The number of Ontario clinicians registered to participate in medical aid in dying has fallen dramatically since the provincial government set up a new co-ordination program that was supposed to improve access for the grievously ill while easing the moral burden on physicians who object to referring patients for assisted death.
Only 74 doctors and nurse practitioners have signed up for the new care co-ordination service, down from 181 when the Ontario Ministry of Health and Long-Term Care shut down its old confidential referral list of medical-aid-in-dying (MAID) providers on May 31.
The provincial government has expressed confidence that more clinicians will register as the new service matures, but front-line providers say the shortcomings of the care co-ordination service are turning off some doctors, which could make it harder for eligible patients to find someone to help them end their lives. The service connects patients to doctors willing to help them, but does not make the arrangements for the whole process.
"I have great concerns about how it's supposed to operate, and that's why I didn't register," said Chantal Perrot, a Toronto family doctor who has been involved in 20 assisted-death cases. "I am passionately committed to providing MAID, and to these patients, but the care co-ordination service that the province rolled out at the end of May is not a care co-ordination service," she said.
"It's a matchmaking service that offers no support for physicians and nurse practitioners doing this work."
The potential problems in Ontario are the latest example of the practical hiccups that have marred the implementation of Canada's assisted-dying law.
The Globe and Mail reported this week that some MAID providers in British Columbia are bowing out because they say new fees for the service are so low they cannot afford to continue accepting referrals, especially in cases that require travel. In Nova Scotia, about half the claims filed so far for assisted death are stuck in processing.
Ontario's new care co-ordination service, launched in late May, was supposed to answer calls for Canada's most populous province to adopt the so-called Alberta model.
Alberta's MAID system, which is generally regarded as one of the best in the country, has four care co-ordinators, all of them nurses, who act as central intake officers and arrange all aspects of the end-of-life procedure, including finding a doctor and two assessors, lining up the medications, scheduling the death and helping with the voluminous official paperwork.
The approach has worked well for both MAID providers and for doctors who refuse on moral grounds to refer patients for assisted death – those conscientious objectors can give their patients contact information for the co-ordinating service and avoid a formal referral.
But Ontario's new system is not a co-ordination service, according to James Downar, a critical- and palliative-care doctor at Toronto's University Health Network.
In the Ontario system, a toll-free number operated by Telehealth Ontario between 9 a.m. and 5 p.m. on weekdays puts self-referring patients (or their caregivers) in touch with nurses who do the initial screening and connect them to a doctor or nurse practitioner on the registry. The toll-free line will be open 24 hours a day starting on Sept. 1.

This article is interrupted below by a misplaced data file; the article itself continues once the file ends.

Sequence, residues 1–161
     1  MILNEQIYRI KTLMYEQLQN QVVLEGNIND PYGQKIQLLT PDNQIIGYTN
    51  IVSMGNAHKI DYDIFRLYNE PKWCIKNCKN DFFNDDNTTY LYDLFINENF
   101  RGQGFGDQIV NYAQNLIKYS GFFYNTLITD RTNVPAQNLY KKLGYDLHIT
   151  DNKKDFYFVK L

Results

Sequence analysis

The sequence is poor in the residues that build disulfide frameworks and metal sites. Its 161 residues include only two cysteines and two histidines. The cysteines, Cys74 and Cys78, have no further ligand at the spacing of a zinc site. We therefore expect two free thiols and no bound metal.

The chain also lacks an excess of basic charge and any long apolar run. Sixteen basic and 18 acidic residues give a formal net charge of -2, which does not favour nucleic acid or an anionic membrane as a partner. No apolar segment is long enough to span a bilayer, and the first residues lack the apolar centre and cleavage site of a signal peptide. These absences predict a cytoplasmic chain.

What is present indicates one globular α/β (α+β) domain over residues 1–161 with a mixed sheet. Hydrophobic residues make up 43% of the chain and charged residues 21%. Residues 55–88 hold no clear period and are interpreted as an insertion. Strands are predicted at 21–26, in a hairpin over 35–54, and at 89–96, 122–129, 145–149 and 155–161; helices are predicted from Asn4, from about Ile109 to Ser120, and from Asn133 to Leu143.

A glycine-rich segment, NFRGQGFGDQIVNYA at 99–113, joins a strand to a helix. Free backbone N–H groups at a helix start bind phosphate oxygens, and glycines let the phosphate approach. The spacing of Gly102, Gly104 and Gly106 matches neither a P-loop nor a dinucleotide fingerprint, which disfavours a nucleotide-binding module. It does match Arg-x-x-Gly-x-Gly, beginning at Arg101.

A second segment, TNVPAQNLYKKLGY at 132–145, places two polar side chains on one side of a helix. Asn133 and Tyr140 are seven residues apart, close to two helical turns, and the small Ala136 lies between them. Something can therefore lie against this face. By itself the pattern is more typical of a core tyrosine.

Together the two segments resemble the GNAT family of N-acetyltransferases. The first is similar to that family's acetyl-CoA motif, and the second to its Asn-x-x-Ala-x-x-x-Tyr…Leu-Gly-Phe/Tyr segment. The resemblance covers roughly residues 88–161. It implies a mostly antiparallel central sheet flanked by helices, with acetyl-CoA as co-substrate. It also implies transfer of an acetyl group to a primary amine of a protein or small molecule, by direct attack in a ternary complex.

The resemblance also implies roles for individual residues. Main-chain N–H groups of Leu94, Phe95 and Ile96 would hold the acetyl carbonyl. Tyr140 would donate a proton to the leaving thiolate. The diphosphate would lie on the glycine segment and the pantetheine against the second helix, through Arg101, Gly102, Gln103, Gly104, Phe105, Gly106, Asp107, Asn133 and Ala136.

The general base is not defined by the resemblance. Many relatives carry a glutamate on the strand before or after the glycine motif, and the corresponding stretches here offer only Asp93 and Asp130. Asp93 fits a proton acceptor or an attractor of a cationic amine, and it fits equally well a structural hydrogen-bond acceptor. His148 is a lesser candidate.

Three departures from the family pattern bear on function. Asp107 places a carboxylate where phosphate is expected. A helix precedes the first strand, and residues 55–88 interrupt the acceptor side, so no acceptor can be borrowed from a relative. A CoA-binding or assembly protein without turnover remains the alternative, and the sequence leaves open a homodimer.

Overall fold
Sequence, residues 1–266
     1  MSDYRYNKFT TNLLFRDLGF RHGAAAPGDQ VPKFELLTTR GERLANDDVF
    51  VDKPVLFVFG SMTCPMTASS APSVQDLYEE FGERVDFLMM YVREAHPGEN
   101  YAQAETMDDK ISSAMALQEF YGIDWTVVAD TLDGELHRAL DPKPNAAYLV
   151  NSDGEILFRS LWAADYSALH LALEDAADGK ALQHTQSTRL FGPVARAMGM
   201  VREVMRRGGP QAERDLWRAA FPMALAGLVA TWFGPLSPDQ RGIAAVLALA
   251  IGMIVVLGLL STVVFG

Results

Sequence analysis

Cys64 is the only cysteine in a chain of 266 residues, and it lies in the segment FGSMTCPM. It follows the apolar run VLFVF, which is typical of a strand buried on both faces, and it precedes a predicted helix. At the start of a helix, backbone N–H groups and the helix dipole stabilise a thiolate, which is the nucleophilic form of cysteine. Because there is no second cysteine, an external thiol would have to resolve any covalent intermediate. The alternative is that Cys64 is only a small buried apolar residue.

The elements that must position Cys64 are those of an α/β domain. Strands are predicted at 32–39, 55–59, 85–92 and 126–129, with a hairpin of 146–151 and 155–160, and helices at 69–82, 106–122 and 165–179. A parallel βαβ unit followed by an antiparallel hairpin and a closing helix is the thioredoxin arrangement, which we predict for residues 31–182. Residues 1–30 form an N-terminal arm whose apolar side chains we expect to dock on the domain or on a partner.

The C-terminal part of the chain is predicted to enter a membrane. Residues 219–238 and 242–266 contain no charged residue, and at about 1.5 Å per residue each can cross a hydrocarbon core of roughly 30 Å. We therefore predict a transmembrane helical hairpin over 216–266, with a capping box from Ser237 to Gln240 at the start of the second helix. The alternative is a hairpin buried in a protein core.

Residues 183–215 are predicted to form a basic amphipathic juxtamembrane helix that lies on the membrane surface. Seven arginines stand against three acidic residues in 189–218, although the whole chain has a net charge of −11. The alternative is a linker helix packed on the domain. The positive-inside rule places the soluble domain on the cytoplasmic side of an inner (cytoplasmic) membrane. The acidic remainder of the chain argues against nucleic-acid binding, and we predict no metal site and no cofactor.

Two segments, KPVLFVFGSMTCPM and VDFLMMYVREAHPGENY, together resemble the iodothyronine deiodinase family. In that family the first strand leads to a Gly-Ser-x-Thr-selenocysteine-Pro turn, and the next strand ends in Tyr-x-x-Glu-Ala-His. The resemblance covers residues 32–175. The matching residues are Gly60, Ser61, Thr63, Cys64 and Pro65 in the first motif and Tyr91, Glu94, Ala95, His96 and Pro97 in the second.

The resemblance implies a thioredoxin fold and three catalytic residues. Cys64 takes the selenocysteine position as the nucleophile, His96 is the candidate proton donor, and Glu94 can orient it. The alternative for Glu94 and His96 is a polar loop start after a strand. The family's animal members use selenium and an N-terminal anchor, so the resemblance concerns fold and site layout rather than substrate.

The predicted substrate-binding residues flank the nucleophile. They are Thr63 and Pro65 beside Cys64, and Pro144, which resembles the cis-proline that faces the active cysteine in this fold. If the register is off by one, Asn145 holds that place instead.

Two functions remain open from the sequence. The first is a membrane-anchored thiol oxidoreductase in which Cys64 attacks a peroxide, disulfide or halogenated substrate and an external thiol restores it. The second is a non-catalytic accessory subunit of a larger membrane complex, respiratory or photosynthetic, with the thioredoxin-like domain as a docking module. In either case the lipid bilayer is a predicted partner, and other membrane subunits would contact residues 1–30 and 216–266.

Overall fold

There are no Alberta-style care co-ordinators, at least for now.
"I can tell you for a fact there are many people who made a conscious decision not to sign up for the new service who were on the old roster because of the fact that this new care co-ordination service is not as comprehensive as the Alberta one," said Dr. Downar, who is also a member of the physicians advisory council for the advocacy group Dying with Dignity Canada.
Meantime, some conscientious objectors say the new toll-free number does not alleviate their chief concern: That Kathleen Wynne's Liberal government refused to enshrine conscience protection for physicians in its MAID legislation.
The government also intervened in support of the College of Physicians and Surgeons of Ontario (CPSO) last month as the medical regulator defended in court its policy that doctors must provide an "effective referral" for patients seeking assisted deaths.
A decision in that case is expected later this year.
Mark D'Souza, an emergency-room doctor who opposes MAID and quit providing in-home palliative care in Scarborough after Ontario passed its law in the spring, said the new care co-ordination line is not good enough so long as the CPSO's effective-referral rule stays in place.
"If [patients] complain that I'm not the one picking up the phone [to do the referral], my licence would be in jeopardy," he said. "That's not a scenario I want to expose myself to, and that's why I left palliative care."
In an e-mailed statement, Health Minister Eric Hoskins acknowledged more needs to be done.
"We're continuing to work alongside our partners to further develop the care co-ordination service so that patients who want to access this new service receive the most seamless, prompt and responsive support as possible," he said.
Not all of the 181 clinicians on the old referral list as of May 31 were providing MAID. Some had put their memberships on hold, and 35 were willing only to assess for eligibility.
A spokesman for the ministry also pointed out that 72 clinicians joined the old referral list – which was accessible only to physicians and nurse practitioners – in the first month, similar to the sign-up rate for the new service.
Shanaaz Gokool, the chief executive officer of Dying with Dignity Canada, said a doctor in Marathon, near Thunder Bay, has performed telemedicine assessments for MAID in Southern Ontario. "It's a real problem, the shortage in the number of physicians," she said.
In Ontario, 548 people have chosen a medically assisted death since the federal law took effect a little more than a year ago.